Wind Cave National Park Hydrology

For millions of years rain and snow have fallen on the prairie and slowly seeped into the cave. In the past 100 years, however, human development has brought about a change to this natural water cycle. This change, which could be damaging to the cave, has prompted park researchers to study the flow of water from the prairie to the lowest depths of Wind Cave.

It may seem like a difficult task to track water droplets as they move through the soil and into the cracks and passageways of the cave. But, there is an effective technique that can be used. It is called dye tracing and it is the focus of cave research at Wind Cave National Park.

Dye-tracing is very simple in theory. A non-toxic, colored dye mixed with water is poured onto a selected spot on the surface. The colored water then travels through the cracks and pores of the limestone, where it is captured in chosen collection sites in the cave. The results of the dye-trace help researchers understand how developments over the cave are affecting the water that enters it.

A Wind Cave dye-trace was initiated on July 29, 1996. Two different colored dyes were mixed with enough water to simulate a storm with one inch of rainfall. The dyes were poured into two separate locations about 400 yards apart. The results were quite surprising: both dyes ended up in the same place! The dye-trace showed that water does not always seep straight downward, but may travel horizonatally for distances and then drop into the cave.

The area around the visitor center has changed dramatically in the past 100 years. Thousands of visitors use the area each day. Buildings, sewer lines, a parking lot, and cars occupy space directly above the cave. These "new inhabitants" may be causing damage to the fragile ecosystem below. Of all the developments, the parking lot seems to be the greatest concern.

Water that would naturally be absorbed into the ground is funneled off the parking lot into four specific spots. That causes water to enter the cave at unnatural rates and locations. Not only are the amounts and locations of water changed, the channeled water can carry oil, gas, antifreeze and other pollutants from the parking lot into the cave. Some of these have already shown up in trace amounts at water collecting sites in the cave.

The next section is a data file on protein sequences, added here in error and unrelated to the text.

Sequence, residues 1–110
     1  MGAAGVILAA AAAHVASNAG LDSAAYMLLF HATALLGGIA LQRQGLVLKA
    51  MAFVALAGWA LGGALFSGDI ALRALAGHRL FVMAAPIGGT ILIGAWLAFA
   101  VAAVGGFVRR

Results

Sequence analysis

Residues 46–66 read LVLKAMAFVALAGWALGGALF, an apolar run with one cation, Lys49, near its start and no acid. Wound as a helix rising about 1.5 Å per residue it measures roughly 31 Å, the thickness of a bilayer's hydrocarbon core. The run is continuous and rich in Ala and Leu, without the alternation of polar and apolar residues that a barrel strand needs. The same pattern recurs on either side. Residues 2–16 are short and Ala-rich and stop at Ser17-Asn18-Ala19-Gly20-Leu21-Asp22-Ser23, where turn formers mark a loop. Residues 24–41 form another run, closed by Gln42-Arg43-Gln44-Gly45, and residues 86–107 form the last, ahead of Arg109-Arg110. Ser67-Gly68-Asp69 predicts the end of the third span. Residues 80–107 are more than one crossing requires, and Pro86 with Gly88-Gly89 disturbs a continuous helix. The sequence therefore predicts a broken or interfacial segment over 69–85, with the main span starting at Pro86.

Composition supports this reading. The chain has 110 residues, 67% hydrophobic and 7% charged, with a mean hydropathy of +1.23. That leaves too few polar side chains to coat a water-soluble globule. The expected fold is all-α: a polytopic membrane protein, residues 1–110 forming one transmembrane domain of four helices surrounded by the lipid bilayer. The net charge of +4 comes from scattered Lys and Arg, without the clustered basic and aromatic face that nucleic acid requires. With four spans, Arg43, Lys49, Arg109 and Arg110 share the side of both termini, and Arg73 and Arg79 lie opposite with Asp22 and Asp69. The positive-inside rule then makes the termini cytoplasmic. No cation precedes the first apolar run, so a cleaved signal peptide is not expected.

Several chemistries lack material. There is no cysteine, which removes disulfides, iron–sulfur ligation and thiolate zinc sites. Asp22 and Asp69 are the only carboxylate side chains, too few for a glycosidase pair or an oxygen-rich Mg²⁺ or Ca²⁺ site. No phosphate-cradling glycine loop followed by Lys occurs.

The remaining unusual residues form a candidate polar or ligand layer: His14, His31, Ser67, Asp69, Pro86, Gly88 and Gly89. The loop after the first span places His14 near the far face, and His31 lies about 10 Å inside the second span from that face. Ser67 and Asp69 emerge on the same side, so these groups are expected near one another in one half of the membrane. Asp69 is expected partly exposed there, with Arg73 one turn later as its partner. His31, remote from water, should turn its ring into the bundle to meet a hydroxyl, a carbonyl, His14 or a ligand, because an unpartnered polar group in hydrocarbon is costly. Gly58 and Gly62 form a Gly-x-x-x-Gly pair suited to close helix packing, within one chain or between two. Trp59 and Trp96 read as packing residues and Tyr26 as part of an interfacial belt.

To solve some of these problems, park managers redesigned the parking lot, creating one that will eliminate most damage to the cave. Our goal is to have a more natural path for water to follow into the cave, a path reminiscent of the past, a path that created the beauty that is Wind Cave.

$259.95
Hauling multiple days of gear across mountainous terrain is never easy, but at least you can ease the burden with the...
Price subject to change | Available through Backcountry.com
Featured Park
Rising above a scene rich with extraordinary wildlife, pristine lakes, and alpine terrain, the Teton Range stands monument to the people who fought to protect it. These are mountains of the imagination. Mountains that led to the creation of Grand Teton National Park where you can explore over two hundred miles of trails, float the Snake River or enjoy the serenity of this remarkable place.
Featured Wildlife
The pika is a close relative of the rabbits and hares, with two upper incisors on each side of the jaw, one behind the other. Being rock-gray in color, pikas are seldom seen until their shrill, metallic call reveals their presence.